Setting Your Freelance Price List

If you are a freelancer, then you know that more than half of your work has nothing to do with clients. You have to set up your website, prepare advertisements, make phone calls and design professional documents. The clients only come after you have established your business in your home, and even then, your work has not been completed. Since you have no employer other than yourself, you don’t start making money until you are contracted for projects.

When you set your price list, you will not only be thinking about the time and energy you will spend on a particular project, but also your overhead, business time and business expenses. These two factors don’t concern your clients, but since your sole source of income is via various projects, those costs translate into the prices for your work.

If you are just starting out in the freelance world, you have many tasks ahead of you. The first, of course, is setting your price list, and determing how many projects you can take on at once. If you simply jump into the business without a thought to other circumstances, you will either end up with too much work to complete, or no clients because your prices are too high or too low.

Should my prices reflect those of other businesses?

It is important to do research on the industry standard for your particular business. If you are a freelance photographer, how much are other photographers charging for their services, and how much do companies charge for the same thing? You can search your industry on the Internet and come up with a list of websites owned by other photographers. The price lists on those websites can give you a jumping-off point.


Just because you are starting out does not mean that your prices should be well below that of established businesses. You can make your prices a little less, but it should be in the same ballpark. If clients feel that you are charging too little, then they will wonder what they will receive in return for such a low price. If they are too high, they will wonder what amazing portfolio you have to back up those exorbitant costs. To avoid these questions, keep your prices in the middle of the industry standard.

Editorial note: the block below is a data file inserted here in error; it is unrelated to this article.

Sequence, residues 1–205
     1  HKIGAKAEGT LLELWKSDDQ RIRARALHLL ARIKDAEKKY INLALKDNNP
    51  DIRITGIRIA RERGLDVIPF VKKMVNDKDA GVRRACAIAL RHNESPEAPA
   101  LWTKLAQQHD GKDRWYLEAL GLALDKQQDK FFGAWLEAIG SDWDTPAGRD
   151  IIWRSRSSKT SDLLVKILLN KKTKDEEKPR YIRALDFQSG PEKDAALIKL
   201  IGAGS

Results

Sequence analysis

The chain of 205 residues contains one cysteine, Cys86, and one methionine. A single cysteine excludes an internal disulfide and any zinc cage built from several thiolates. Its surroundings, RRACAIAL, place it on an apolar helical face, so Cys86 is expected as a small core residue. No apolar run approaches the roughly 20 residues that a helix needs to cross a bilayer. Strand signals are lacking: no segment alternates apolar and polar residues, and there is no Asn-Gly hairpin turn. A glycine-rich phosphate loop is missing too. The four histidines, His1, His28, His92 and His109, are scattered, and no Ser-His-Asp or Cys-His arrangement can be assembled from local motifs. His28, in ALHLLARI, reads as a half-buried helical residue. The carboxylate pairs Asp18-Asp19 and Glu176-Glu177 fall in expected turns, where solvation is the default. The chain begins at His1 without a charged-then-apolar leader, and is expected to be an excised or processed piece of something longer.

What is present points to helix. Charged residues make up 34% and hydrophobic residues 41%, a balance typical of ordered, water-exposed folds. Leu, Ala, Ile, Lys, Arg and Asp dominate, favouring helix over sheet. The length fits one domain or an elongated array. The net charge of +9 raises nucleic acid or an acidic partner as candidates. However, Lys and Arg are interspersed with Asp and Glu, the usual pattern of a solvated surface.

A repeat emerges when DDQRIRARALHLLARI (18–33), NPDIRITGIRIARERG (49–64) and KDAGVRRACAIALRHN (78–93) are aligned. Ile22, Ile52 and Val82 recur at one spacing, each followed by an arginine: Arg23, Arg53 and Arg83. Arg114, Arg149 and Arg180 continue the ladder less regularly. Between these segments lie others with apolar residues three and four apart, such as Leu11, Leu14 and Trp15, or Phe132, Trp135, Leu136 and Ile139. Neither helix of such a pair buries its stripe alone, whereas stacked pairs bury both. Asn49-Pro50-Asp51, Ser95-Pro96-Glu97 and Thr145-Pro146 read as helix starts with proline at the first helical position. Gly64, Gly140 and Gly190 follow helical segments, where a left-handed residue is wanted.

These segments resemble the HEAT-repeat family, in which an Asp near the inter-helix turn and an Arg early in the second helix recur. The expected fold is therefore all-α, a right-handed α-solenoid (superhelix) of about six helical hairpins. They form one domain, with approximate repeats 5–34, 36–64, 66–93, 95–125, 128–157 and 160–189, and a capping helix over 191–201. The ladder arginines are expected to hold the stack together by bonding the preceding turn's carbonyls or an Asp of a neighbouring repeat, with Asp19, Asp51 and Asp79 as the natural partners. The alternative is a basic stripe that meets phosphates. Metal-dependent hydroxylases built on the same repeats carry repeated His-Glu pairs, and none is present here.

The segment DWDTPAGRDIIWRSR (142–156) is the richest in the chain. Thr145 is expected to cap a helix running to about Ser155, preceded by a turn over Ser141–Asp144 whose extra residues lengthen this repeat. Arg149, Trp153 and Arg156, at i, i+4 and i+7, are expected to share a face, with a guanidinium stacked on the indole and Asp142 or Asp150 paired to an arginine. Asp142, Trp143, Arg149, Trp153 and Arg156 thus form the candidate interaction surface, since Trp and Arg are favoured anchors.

What is overhead?

Overhead refers to your ongoing expenses that must be supported by your salary. Since you are a freelancer and not an employee, your home is your business, and should be treated as such. The following items constitute overhead:


-rent
-utilities
-memberships & dues
-home, auto, & medical insurance
-postage & shipping
-office supplies (i.e. paper, pens, envelopes, etc.)
-office equipment (i.e. computer, printer, fax machine, etc.)
-retirement savings
-licenses

There are other things that can be construed as overhead, but you will have to examine your own personal situation in order to determine what will need to factor in.

What are business expenses?

Business expenses are the out-of-pocket funds that you must have in order to complete a specific project. This might mean mileage, travel expenses, special equipment, or the outsourcing of other professionals. In this case, the business expenses will reflect directly upon the bill for a particular client.


What is Business Time?

Business time refers to the time spent performing administrative duties that have nothing to do with your clients (as referenced at the top of this article). Business time can include the following:


– meetings
– phone calls
– e-mails
– advertising
– training other professionals
– constructing press kits
– constructing websites

These tasks are not billable hours, and therefore must be distributed among your customers as part of your base price. This is not unethical because you are simply charging your clients for the tasks that made your service possible. If you hadn’t spent time with those duties, then you wouldn’t have a business, and they would not be able to hire you.

How do I figure out pricing?

First of all, you have to determine whether you will be charging an hourly rate or per-project rate. Some clients prefer to receive one all-inclusive price, while others would rather pay by the hour. This is your decision entirely, but consider these factors:

– Does the time spent on a project reflect your ability to work at a particular speed?
– Are you able to adequately gauge how long it will take to complete a specific project?

If you are performing photography for a wedding, for instance, your time spent is determined by how long the wedding takes. Conversely, if you are designing a website, then your hours depend on how quickly you can complete the project. This should factor into your decision.

For an hourly wage, follow this formula (using a fabricated example):

Annual Salary (how much you want to earn each year after expenses)
ex: $40,000

Yearly Overhead (how much all of your overhead expenses cost per year; take all monthly expenses and multiply by 12)
ex: $3,000

Yearly Business Time (how many hours you expect to spend on administrative tasks throughout the year)
ex: 200 hours

Annual Hours (how many hours you expect to spend working this year)
ex: 40hrs/wk = 2080hrs/year

1. Subtract YBT from AH to come up with the Annual Billable Hours.

2. Add together AS with YO

3. Divide the total of (2) by the total of (1)

And you have your hourly rate!

1. AH – YBT = 1880

2. AS + YO = 43,000

3. 43,000/1880 = $48.00/hour

Now you have your hourly rate!

If you want to figure out how much to charge a client for a specific project (assuming the client wants one single price, rather than an hourly rate), simply multiply the number of estimated hours by your hourly rate.

EX:

Hourly Rate: $48.00/hour
Est. Time: 6 hours
TOTAL COST: $288.00

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